Skin Ageing & Challenges  2020
November 5-6, 2020
www.skin-challenges.com

Introduction on the role of iron and hepcidin in the process of cells and wound healing

Dr. Charareh Pourzand from University of Bath, United Kingdom, will join the Skin Ageing & Challenges 2020 Congress which will be held on November 5-6, 2020 in Porto, Portugal and will give a presentation entitled “Introduction on the role of iron and hepcidin in the process of cells and wound healing“.

Dr. Pourzand highlights: Here I will first introduce the knowledge that currently links iron homeostasis to skin cells’ function and wound healing process. I will then  talk about how the process of ageing and photo-ageing can disturb the iron homeostasis. I will also provide a brief summary of the relationship that exists between wound healing process in the skin and iron deficiency. I will finish my talk with some of the innovative strategies that we have recently developed  to counteract the iron-mediated damage against aged /photoaged skin.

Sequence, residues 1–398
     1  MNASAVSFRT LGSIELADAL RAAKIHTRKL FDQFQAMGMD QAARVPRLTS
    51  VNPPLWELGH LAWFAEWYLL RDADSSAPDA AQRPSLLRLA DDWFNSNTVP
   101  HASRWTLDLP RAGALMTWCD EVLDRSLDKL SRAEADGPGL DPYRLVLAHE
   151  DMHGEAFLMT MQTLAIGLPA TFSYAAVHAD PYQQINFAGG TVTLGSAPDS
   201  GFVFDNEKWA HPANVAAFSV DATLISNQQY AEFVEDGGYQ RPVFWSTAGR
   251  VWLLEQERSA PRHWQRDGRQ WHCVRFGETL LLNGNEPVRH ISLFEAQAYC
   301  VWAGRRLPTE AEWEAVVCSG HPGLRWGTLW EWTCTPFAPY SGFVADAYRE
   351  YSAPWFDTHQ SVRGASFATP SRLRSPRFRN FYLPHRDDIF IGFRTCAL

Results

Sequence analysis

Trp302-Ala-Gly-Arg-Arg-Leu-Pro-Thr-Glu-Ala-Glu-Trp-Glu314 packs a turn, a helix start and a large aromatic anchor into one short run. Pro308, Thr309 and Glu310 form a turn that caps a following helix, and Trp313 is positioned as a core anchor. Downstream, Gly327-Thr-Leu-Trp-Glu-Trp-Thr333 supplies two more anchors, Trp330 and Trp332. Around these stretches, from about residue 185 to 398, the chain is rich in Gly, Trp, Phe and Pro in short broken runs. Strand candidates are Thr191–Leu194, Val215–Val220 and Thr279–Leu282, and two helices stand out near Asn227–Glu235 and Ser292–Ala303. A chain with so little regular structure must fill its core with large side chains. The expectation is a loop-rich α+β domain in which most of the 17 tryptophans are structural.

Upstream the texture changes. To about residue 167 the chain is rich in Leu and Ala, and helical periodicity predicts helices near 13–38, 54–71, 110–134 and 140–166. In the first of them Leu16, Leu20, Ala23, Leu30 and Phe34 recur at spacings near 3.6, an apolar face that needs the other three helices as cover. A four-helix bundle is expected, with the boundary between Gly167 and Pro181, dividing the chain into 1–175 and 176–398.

Skin Ageing & Challenges 2020
November 5-6, 2020 – Porto, Portugal
www.skin-challenges.com

The imaging technique to evaluate oxidative stress in the human skin

Prof. Masaki Kobayashi, from Tohoku Institute of Technology, Japan, will join the Skin Challenges 2020 congress and will give a presentation entitled “The imaging technique to evaluate oxidative stress in the human skin“.

Summary of talk: Imaging of ultra-weak photon emission (UPE or biophoton) from skin surface has the potential to non-invasively visualize the state of oxidative stress in the skin. Technologies for the imaging and spectral analysis of UPE will be presented with characterizing the spontaneous and UV-induced UPE phenomena of human skin. The dermatological application of UPE including the mechanisms will be discussed.